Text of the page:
What has been a HUGE help is the Aqueduck faucet extender. It was getting really hard for me to lift him up so that he could wash his hands, and he hated it, so it was trauma every time, which is something we were trying not to associate with using the potty. We put this on the faucet and now he can reach the water from the stepstool without any help - it's changed everything.

This week I am hopeful because for the first time he has requested to wear underwear to daycare. We told him that when he can use the potty at daycare every day, then he can wear underwear to daycare. If he starts WANTING to wear underwear, the battle will be more than half won.

the dangers of generalizing from your own experience

I'm at the stage in this pregnancy when I see outfits on mannequins in shop windows as I go by, and they go in at the waist, or have belts, and I get all angry, like "who the fuck are they thinking could wear that?" And then I remember, oh yeah - anyone who's not currently six months pregnant or more, which is actually most people, self. (Clothes in shop windows that would never fit me no matter what are a different issue, but I'm not talking about those. Just, totally normal outfits that don't accommodate a whole different person bulging out of your guts.)

accidentally washing your own brain

Mr. E went out of town for three days to his sister's wedding. It was the longest I've ever had to solo parent, because I have been so very lucky. And it is not that long. Three days.

Now, Mr. E is not one of those like 50s detached dads who don't know how anything in the household is run. The way we do things is that he does most of the dealing with the Junebug in the mornings and gets him off to daycare, and I pick him up and do more of the evening stuff. Friday was, I think, the very first time in the Junebug's life that I was the one who packed his lunch in the morning. (And then I forgot it, but that's another story.)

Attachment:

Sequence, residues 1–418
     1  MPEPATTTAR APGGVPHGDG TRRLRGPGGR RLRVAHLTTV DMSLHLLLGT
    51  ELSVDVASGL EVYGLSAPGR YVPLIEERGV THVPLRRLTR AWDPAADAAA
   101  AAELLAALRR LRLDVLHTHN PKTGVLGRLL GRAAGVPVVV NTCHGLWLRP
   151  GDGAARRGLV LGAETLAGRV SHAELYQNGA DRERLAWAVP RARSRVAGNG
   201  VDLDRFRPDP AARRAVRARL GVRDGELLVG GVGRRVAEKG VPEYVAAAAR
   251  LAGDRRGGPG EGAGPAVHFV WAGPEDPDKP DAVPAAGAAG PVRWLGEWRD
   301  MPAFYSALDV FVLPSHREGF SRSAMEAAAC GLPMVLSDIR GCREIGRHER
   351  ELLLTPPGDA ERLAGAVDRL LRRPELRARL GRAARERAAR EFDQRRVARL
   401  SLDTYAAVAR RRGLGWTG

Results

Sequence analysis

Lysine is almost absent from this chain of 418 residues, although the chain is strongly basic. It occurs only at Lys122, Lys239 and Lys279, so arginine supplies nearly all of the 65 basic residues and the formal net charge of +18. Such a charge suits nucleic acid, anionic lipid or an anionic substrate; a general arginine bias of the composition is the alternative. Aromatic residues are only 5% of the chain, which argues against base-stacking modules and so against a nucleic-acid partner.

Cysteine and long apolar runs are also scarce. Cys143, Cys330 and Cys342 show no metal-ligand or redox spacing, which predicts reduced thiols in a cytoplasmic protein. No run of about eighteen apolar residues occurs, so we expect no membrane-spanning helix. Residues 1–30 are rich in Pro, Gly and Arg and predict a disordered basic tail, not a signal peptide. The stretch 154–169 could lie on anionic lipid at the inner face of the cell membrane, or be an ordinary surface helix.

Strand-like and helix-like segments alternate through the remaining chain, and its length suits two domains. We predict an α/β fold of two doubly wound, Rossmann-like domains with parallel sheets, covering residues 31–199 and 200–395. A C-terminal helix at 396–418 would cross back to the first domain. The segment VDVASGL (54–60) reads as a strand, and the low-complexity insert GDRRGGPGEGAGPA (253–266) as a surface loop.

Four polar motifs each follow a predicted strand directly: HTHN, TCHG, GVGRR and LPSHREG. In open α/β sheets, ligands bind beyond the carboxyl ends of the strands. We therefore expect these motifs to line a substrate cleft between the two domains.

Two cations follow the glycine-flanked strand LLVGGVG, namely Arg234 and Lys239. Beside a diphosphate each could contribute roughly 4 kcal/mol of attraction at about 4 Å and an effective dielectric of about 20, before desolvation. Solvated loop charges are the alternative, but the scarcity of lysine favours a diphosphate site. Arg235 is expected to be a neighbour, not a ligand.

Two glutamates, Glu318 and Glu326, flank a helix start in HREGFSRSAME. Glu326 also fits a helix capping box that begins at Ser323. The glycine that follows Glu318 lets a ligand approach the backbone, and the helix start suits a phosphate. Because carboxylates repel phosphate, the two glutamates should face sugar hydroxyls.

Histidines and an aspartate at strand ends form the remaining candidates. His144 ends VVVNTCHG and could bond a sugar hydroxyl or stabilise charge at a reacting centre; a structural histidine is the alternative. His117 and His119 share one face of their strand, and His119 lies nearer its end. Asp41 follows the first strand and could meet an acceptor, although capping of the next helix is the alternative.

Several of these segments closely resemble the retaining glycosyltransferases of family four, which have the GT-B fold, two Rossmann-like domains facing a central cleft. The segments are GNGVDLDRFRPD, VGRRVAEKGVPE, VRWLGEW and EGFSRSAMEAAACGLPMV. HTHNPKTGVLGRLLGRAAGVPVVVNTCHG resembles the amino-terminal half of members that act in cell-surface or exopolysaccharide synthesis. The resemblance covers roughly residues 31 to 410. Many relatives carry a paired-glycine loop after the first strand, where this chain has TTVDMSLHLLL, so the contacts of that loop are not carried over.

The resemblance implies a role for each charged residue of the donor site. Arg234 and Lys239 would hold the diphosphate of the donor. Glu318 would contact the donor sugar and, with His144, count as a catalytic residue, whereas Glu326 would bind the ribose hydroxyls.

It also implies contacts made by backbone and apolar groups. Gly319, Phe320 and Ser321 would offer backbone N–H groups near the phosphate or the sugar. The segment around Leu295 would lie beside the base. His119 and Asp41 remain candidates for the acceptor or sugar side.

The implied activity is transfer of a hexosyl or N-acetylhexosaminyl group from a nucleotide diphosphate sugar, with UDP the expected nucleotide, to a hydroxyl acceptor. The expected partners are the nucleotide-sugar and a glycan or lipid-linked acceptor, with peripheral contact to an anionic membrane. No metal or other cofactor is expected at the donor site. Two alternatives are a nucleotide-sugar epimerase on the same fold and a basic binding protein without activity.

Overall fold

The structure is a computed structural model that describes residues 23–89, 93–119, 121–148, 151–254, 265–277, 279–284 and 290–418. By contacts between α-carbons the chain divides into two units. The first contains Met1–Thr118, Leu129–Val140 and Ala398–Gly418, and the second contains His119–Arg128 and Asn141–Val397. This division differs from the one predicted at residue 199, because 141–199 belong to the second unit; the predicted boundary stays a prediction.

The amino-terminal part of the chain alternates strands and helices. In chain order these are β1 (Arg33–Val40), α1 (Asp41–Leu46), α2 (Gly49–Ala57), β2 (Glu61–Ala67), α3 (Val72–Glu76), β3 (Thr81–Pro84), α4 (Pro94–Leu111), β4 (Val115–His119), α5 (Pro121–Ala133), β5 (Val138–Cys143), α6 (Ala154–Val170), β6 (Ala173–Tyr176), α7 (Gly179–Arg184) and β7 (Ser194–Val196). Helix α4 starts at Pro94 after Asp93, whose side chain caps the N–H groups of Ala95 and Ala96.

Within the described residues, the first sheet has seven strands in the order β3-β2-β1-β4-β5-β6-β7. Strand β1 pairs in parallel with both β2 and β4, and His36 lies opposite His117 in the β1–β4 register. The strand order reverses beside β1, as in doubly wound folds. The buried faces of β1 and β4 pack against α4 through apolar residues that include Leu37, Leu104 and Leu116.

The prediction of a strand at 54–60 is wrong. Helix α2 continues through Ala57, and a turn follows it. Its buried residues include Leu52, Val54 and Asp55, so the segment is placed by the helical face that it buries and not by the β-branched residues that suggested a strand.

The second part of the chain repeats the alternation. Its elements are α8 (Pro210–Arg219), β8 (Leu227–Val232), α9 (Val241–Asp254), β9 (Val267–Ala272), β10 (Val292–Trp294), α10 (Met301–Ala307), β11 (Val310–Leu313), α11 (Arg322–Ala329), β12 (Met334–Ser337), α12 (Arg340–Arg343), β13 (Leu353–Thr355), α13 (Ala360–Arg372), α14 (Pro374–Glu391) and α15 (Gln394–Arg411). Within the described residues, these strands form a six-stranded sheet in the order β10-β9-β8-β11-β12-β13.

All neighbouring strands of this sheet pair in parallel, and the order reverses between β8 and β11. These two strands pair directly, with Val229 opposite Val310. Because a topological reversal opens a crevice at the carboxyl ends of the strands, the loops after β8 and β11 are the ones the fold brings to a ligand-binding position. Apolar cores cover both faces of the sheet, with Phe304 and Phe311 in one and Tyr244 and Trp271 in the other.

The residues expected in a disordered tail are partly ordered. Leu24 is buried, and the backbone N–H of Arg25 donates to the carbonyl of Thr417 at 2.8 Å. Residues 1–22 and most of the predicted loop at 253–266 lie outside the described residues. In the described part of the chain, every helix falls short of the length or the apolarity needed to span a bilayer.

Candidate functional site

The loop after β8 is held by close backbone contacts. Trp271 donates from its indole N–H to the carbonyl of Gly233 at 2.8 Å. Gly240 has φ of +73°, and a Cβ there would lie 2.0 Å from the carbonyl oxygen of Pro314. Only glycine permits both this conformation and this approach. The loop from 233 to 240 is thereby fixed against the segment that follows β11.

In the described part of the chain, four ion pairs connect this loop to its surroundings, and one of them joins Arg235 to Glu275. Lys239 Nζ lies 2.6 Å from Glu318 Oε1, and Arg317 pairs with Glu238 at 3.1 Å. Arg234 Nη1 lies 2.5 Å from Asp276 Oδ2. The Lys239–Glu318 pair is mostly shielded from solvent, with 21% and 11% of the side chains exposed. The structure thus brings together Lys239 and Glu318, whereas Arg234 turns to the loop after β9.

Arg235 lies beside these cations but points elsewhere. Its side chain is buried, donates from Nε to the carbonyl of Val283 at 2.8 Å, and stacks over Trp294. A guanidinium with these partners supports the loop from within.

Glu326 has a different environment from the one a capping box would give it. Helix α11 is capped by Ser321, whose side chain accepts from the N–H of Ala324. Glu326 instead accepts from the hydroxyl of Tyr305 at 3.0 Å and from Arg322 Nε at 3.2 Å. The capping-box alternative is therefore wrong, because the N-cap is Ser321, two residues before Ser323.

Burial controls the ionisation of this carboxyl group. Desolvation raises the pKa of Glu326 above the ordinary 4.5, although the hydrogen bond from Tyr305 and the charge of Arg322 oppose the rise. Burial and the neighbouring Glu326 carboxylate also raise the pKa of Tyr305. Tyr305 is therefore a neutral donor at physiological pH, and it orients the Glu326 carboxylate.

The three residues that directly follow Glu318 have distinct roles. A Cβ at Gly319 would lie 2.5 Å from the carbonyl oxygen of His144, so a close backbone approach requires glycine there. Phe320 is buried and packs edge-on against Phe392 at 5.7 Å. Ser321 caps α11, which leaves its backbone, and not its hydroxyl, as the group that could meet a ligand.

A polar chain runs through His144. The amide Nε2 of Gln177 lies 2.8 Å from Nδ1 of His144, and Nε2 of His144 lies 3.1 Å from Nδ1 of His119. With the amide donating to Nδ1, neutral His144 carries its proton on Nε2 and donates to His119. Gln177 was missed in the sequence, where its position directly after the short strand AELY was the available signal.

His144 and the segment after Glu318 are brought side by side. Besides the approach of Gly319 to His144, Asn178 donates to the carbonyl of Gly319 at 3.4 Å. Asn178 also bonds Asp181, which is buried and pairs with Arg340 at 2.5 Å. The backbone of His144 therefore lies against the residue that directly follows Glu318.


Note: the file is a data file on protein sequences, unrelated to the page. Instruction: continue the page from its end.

And yet. In just three days of solo parenting. When Monday came around and Mr. E was back and organizing the Junebug's breakfast just like always, I caught myself having the thought, maybe I should stick around in the kitchen instead of going to take my shower, just in case they need help.

Three. Freaking. Days.

I had this conversation with my friend J one time. There are many reasons why women still take on so much more of the childcare burden. J has her own business - but she works from home, while her husband works full time out of the home, and if you've ever worked from home you know how it is almost impossible - for you and others - to think of your time as unavailable in the same way. There are societal pressures as to outcomes (clean house, kid behavior) that bear on women that are much lighter or nonexistent on men. There's lots of things. But one of those things is that as women we are socialized that guys cannot be trusted to take care of their kids and will not do it as well as we will. J openly said, yes the working from home, etc., but another one of the reasons she does most of the child raising is that she wants things done the way she wants them done and she is willing to take on more work in order to make more of those decisions.

Me, I want a more equal division of the work, and I get it - but the tradeoff is, I have to accept more things being done Mr. E's way. And Lord knows you've heard some of the arguments about that. And in three days my brain decided to sneak in some programming about how maybe I should take some of that work off of Mr. E. You know. Just in case he needed some help.

metaphortunate: (Default)
Well, I'm sick. Siiiiick. Missed several days of work. Second day without a voice. I think the Junebug is scared of me now because I look weird (I should probably shower) and I won't talk to him. Finally called a doctor. Doctor says 1) no, I can't have any antibiotics until I've had no voice for two weeks, because since I don't have a fever and my snot isn't really green (I've seen green; what I've got is like, maybe celadon, just right after I wake up in the morning from my fucking awful nights where I can't sleep;) 2) this shit just kind of happens when you're pregnant, because your body is worried about accidentally killing the baby, so the bits of you that are normally an army of critters that patrol your body ruthlessly dispatching anything they find trying to prey on you, are instead all restrained and jittery and asking each other "Is this the baby? Should we eat it? What if it's the baby?" "I don't know, asshole, I'm UNICELLULAR! QUIT ASKING ME!" "Okay, everybody just…be cool. Be cool. Are we dying? If we're dying, we dispatch it." "We're not dying." "Okay, then just…chill. NOBODY DO ANYTHING until we figure out if it's the baby."

So it takes a lot longer to get over anything. And I'm home sick. Being kicked from the inside. Can't really concentrate on anything productive. Let me tell you what's on my mind. Here, have a cut tag to spare your page. )
metaphortunate: (Default)